Men’s Health

Do men need to take a calcium supplement?

DEAR DOCTOR K: Many years ago, my doctor told me that men, like women, should take calcium supplements. So I have been. Now I hear that it's a bad idea. What do you think?

DEAR READER: All of us -- patients and doctors -- wish we had all the answers, and that the answers never changed. Unfortunately, the way the human body works, and malfunctions, is very complicated. To understand it, we conduct research. But no study is perfect, and the answers sometimes change as larger and better studies are conducted.

Should I try testosterone treatment to treat low-normal testosterone?

DEAR DOCTOR K: I'm a 68-year-old man who has been feeling more tired and less "sexy" over the past several months. My doctor says my blood testosterone level is normal, but "low normal" -- a little bit above low. I know that some men take testosterone gel as a treatment for this. My doctor is not so keen on that. What's your opinion?

DEAR READER: I don't know nearly enough about your health or your symptoms to offer you personal advice. But I'll tell you what I think research has shown, at least so far. I'll warn you: It is a controversial area, and I reserve the right to change my mind as new research is published.

Do I need to take medication for BPH?

DEAR DOCTOR K: I have BPH. The symptoms don't interfere with my work or home life very much. My doctor says there are medicines that might reduce the symptoms, but I like to avoid taking medicines. What's your advice?

DEAR READER: Benign prostatic hyperplasia, or BPH, is the most common cause of prostate enlargement. As the name suggests, BPH is harmless; it does not lead to prostate cancer.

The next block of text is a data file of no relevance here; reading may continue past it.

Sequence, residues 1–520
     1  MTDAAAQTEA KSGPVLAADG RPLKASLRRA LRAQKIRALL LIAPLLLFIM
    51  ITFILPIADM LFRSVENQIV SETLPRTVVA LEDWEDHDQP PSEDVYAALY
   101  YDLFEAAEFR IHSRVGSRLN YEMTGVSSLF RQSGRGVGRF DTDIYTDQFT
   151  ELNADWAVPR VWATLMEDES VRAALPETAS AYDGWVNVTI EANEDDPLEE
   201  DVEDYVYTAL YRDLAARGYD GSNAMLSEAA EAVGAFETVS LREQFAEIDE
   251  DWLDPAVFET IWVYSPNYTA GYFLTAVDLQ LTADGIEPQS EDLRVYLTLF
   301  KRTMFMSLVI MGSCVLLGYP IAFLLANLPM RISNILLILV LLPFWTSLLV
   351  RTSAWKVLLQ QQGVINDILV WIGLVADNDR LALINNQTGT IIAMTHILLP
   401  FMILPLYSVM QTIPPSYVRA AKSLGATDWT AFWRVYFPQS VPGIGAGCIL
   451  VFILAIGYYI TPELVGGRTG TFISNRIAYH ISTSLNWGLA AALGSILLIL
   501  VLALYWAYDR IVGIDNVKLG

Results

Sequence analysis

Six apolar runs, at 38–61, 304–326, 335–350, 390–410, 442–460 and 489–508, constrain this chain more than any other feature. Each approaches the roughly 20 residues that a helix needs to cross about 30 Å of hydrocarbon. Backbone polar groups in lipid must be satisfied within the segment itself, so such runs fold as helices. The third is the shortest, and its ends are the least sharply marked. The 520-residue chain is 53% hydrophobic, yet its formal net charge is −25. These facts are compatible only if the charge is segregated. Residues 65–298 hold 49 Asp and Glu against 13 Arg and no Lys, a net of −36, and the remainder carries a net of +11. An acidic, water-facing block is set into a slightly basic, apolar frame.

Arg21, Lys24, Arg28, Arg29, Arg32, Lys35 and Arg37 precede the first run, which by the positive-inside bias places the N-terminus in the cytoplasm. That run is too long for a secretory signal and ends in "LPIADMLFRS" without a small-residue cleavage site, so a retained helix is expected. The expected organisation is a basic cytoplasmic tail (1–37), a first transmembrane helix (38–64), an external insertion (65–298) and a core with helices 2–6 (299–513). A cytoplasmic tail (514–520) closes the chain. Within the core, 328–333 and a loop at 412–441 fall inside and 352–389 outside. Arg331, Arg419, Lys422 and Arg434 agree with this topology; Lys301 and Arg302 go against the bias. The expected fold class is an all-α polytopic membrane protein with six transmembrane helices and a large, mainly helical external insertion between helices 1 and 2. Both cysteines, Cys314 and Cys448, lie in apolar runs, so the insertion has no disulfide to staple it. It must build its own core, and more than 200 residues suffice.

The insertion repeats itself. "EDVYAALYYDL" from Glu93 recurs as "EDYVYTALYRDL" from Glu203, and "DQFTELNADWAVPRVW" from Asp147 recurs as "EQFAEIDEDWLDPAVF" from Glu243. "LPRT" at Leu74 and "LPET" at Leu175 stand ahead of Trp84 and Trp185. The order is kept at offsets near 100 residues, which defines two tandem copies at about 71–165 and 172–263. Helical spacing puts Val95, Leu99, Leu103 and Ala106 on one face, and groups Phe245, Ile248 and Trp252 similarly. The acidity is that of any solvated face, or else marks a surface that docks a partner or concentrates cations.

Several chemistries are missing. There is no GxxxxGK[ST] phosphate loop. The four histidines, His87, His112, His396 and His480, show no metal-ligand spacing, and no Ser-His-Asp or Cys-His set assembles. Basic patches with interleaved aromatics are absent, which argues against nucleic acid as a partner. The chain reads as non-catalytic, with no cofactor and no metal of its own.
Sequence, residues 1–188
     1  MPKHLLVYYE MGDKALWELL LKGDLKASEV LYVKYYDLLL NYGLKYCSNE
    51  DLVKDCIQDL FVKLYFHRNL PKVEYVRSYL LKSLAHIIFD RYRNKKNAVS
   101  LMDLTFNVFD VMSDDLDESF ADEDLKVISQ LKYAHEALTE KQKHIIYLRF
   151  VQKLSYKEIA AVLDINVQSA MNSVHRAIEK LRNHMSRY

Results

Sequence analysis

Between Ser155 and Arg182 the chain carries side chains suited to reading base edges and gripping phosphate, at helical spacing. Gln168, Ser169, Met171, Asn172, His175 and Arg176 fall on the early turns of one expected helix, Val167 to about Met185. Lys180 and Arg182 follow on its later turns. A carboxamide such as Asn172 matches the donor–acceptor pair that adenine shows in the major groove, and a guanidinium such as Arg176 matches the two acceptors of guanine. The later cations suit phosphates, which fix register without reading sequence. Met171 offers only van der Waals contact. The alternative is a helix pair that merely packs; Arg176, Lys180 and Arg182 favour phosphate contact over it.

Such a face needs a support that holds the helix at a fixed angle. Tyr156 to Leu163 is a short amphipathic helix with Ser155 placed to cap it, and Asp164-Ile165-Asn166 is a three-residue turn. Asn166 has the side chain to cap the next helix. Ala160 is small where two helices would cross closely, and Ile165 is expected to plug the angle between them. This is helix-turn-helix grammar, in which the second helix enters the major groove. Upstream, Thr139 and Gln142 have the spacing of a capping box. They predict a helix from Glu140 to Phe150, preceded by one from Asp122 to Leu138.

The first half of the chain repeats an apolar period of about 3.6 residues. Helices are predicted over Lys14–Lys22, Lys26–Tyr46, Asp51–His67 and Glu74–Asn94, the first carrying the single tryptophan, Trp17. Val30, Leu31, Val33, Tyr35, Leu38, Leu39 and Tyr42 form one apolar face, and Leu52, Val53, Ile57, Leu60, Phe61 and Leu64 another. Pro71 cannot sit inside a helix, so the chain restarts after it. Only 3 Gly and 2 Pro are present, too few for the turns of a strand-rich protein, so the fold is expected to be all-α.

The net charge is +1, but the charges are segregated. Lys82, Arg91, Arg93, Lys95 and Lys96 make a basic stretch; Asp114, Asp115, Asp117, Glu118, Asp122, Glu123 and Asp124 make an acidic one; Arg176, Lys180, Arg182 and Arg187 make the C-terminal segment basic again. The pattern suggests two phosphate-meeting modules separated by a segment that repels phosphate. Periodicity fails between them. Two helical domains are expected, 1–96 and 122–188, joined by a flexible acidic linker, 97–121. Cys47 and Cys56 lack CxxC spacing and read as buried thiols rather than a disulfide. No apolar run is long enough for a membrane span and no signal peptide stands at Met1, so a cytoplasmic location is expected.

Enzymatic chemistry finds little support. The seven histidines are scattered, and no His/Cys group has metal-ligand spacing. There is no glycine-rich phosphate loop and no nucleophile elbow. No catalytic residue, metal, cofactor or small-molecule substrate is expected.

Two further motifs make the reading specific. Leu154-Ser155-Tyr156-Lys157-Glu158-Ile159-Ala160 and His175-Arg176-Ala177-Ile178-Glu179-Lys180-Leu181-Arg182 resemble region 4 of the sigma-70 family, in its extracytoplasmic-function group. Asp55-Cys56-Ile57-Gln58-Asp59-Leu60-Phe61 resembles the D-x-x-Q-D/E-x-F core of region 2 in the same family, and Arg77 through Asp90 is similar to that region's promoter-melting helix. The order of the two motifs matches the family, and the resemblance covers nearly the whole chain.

Are there any effective treatments for Peyronie’s disease?

DEAR DOCTOR K: I have Peyronie's disease. Are there any effective treatments for this condition?

DEAR READER: Peyronie's disease is, fortunately, relatively uncommon. About 5 percent of men in the United States may have it. The condition affects the penis. It causes inflammation and then scar tissue to form in the area of inflammation. The scar tissue accumulates and hardens, causing the penis to bend when it becomes erect, and potentially keeping it from becoming fully erect. This can make sexual intercourse difficult and painful. (I've put an illustration, below, showing the effect of Peyronie's disease.)

What can I expect during a prostate biopsy?

DEAR DOCTOR K: My last PSA test result was abnormal, so my doctor has scheduled a prostate biopsy. What can I expect? Is there anything I can do to make the procedure more comfortable and reduce the risk of complications? DEAR READER: An abnormal prostate-specific antigen (PSA) blood test result often leads to a prostate […]

What is the most effective way to treat premature ejaculation?

DEAR DOCTOR K: I've been experiencing premature ejaculation. What is the most effective way to treat this?

DEAR READER: Premature ejaculation (PE) occurs when a man reaches orgasm and ejaculates too quickly and without control. In other words, ejaculation occurs before a man wants it to happen. Several factors may contribute to this problem. Diabetes, problems with the thyroid gland or inflammation of the prostate are common culprits. Stress, depression and other emotional factors can also play a role. But most men with PE are healthy.

What should I know about testicular cancer?

DEAR DOCTOR K: I'm in my 30s. A friend of mine was recently diagnosed with testicular cancer. What should I know about this cancer? Should I be screened for it?

DEAR READER: Testicular cancer is the uncontrolled growth of abnormal cells in one or both testicles (testes). Nearly all testicular cancers start in germ cells. These are the cells that make sperm. The testicles are located in the scrotum, behind the penis.

Can a vasectomy be reversed?

DEAR DOCTOR K: I had a vasectomy many years ago. I've since remarried, and my new wife wants to have children. Can my vasectomy be reversed?

DEAR READER: A vasectomy is a minor surgical procedure that is done to make a man sterile (unable to father children). Normally, sperm -- the male reproductive cells that fertilize a woman's egg -- are made in the testicle. Sperm travel away from the testicle through a tube called the vas deferens.